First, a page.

With this easy save the ball is back in your court again. As a warning I tell you that I have done some work on both 10.Qa4+ and 10.Qe2. Smiley


Again, I am doing this in my head, which is tough as a 1600 player, but my immediate reaction to 10...Ndf4 is to ignore the hit on the g-pawn, give it back for positional plusses and just play 11.d4. If you insist on playing 11...Nxg2ch 12.Ke2 Nf4ch 13.Kf3 Ng6 14.Bxd7ch Qxd7 16.Qxd7ch Kxd7  17.Rg1 (Now what? I have a  developmental edge after 17.Rg1. Don't you think that the Rook on the open file is worth something?). After such standard move as Be3/Nd2/Rad1 White completes his development; you will note that Black has to either shield, protect, or advance his g-pawn to avoid an eventual Rxg7. White should pick up a second tempo here.

You will note in the endgame that my King is one tempo closer to the center than the Black King, i.e. White just gives back the extra material that he converted into a lead in development, which ten moves down the road will be converted back into a material plus. You will note that White is going to be the only side with a center pawn should Black play exd4. When I get home, I'll check the variations on my computer. There is not the slightest doubt in my mind that 8...Ne6 is +-.
  
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Re: refutation of 1.e4 e5 2.Nf3 Nc6 3.Bc4 Nf6?
Reply #19 - 01/05/09 at 12:34:27
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sloughter wrote on 01/05/09 at 12:00:48:
In the move sequence 4.Ng5 d5 5.exd5 Nd4 6.c3 b5 7.Bf1 Nxd5 8.Ne4 Ne6? (Contrary to other posts about the excellent analysis by a member out to move 19), White is simply better here i.e. 9.Bxb5ch Bd7 10.Qa4 is a no brainer; even 10.Qe2 is better than 10.Bxd7ch.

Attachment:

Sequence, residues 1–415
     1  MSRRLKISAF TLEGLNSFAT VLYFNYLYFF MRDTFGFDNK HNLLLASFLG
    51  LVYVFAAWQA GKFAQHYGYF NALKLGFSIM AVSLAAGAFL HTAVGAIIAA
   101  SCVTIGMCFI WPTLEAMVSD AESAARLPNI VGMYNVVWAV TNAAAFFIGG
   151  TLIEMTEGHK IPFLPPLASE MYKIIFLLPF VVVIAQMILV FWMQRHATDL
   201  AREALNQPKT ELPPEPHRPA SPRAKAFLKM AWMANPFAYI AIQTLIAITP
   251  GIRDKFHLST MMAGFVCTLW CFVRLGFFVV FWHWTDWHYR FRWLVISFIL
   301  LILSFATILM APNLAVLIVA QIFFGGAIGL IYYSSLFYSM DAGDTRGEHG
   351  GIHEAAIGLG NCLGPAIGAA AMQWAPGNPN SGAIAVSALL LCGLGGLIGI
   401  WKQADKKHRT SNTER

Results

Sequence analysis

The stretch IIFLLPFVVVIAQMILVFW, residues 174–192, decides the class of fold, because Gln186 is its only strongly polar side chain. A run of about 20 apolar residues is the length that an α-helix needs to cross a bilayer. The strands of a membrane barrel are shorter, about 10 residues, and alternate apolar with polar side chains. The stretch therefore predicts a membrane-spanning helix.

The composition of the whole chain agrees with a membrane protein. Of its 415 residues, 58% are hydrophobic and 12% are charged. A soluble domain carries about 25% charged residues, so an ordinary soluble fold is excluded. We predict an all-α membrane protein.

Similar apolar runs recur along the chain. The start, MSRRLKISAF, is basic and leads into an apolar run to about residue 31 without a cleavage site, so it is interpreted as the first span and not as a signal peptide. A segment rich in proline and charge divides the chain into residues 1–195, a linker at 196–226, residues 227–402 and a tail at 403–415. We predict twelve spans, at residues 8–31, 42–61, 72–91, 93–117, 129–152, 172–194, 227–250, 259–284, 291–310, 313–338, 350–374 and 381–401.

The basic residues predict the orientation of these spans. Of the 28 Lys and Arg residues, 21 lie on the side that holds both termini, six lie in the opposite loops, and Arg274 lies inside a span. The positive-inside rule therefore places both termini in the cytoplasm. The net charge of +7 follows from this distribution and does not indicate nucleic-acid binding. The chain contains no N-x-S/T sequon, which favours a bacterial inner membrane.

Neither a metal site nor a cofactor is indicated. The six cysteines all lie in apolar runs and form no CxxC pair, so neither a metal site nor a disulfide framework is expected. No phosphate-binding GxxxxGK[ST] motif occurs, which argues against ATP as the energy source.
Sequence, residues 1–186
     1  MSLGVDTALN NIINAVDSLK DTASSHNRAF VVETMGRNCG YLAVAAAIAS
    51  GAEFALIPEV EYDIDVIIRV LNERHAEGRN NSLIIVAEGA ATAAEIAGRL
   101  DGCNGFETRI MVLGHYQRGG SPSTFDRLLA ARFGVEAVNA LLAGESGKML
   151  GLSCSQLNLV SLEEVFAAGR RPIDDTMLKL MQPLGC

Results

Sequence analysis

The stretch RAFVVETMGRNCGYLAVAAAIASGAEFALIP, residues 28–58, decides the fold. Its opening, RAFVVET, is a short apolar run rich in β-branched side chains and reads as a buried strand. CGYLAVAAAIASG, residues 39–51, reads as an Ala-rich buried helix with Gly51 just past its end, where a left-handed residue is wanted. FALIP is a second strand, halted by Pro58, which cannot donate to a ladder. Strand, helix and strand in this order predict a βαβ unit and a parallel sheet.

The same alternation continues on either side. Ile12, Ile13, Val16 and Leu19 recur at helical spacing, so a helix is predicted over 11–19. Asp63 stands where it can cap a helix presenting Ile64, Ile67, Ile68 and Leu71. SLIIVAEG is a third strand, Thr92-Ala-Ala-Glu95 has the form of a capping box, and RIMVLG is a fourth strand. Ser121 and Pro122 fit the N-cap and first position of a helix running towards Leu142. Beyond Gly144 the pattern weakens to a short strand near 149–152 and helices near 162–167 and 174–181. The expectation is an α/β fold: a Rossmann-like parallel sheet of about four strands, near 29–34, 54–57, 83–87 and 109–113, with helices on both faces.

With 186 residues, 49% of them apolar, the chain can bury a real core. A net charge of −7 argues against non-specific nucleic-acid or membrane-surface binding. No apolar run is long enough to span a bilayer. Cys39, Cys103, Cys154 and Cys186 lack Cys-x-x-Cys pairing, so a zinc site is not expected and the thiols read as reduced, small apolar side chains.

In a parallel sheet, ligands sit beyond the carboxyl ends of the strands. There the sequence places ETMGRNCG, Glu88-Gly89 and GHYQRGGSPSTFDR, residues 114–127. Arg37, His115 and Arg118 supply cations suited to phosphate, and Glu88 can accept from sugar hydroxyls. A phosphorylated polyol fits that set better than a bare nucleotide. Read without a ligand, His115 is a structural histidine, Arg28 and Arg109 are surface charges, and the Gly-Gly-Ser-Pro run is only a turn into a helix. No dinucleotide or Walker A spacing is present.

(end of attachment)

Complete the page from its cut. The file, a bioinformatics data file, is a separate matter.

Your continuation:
Are we in agreement that 8...Ne6 is a win for White?


Not as long as you fail to consult the right sources and don't read the posts of that member.

MNb wrote on 01/01/09 at 18:07:05:
After both 10.Qa4+ and 10.Qe2 Black gets excellent play with ...Ndf4!

With this easy save the ball is back in your court again. As a warning I tell you that I have done some work on both 10.Qa4+ and 10.Qe2. Smiley
  

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Re: refutation of 1.e4 e5 2.Nf3 Nc6 3.Bc4 Nf6?
Reply #18 - 01/05/09 at 12:21:36
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sloughter wrote on 01/05/09 at 12:00:48:
GMTonyKosten wrote on 01/01/09 at 20:11:22:
sloughter wrote on 12/30/08 at 10:51:13:
Is the Two Knights' Defense, Ng5 variation, the first opening that is winning for White?

Let's start with the Berliner Variation (Gambit) 1.e4 e5 2.Nf3 Nc6 3.Bc4 Nf6 4.Ng5 d5 5.exd5 Nd4 6.c3 b5 7.Bf1 Nxd5 8.Ne4 Qh4 9.Ng3 Bg4 10.f3 e4 11.cxd4 Bd6 12.Qe2 Be6? (12...O-O 13.Qf2 +-

What's wrong with the obvious 13...exf3 here? White may be a piece up but Black certainly has an enormous lead in development, and I wouldn't fancy having White in an OTB game.

Let's start pruning the analytical tree. Do any of you see improvements on 12.Qe2 Be6 13.Nc3 Nxc3 (Nb4 14.Kd1+-) 14.dxc3 Bxg3ch 15.hxg3 Qxh1 16.Qxb5ch Kf8 17.fxe4+- (According to IM Silman, White may try 17.d5 here). Does anyone think that Black can equalize here or improve after 13.Nc3, or are we in agreement that 12...Be6 leads to a forced win for White?

In the move sequence 4.Ng5 d5 5.exd5 Nd4 6.c3 b5 7.Bf1 Nxd5 8.Ne4 Ne6? (Contrary to other posts about the excellent analysis by a member out to move 19), White is simply better here i.e. 9.Bxb5ch Bd7 10.Qa4 is a no brainer; even 10.Qe2 is better than 10.Bxd7ch. It is always useful to make developing moves in a sharp position instead of making the non-developing move sequence 10.Bxd7ch?? Qxd7

Black has two dismal choices: 1)Stay in a middlegame a pawn down, or 2)Go into an endgame a pawn down. First: 8.Ne4 Ne6 9.Bxb5ch Bd7
10.Qa4 Nc5 11.Bxd7ch Nxd7 12.d4 +-

Does anyone want to make the case that the Knight walk is good for Black i.e. Nc6/Nd4/Ne6/Nc5/Nxd7 is a good idea for Black? Returning the Knight to a square it has access to on one of its very first legal moves leaving the b8 square i.e. Nc6, Na6 or Nd7, means that Black simply loses four tempos in a sharp position. As I define development, Black just lost four tempos.+-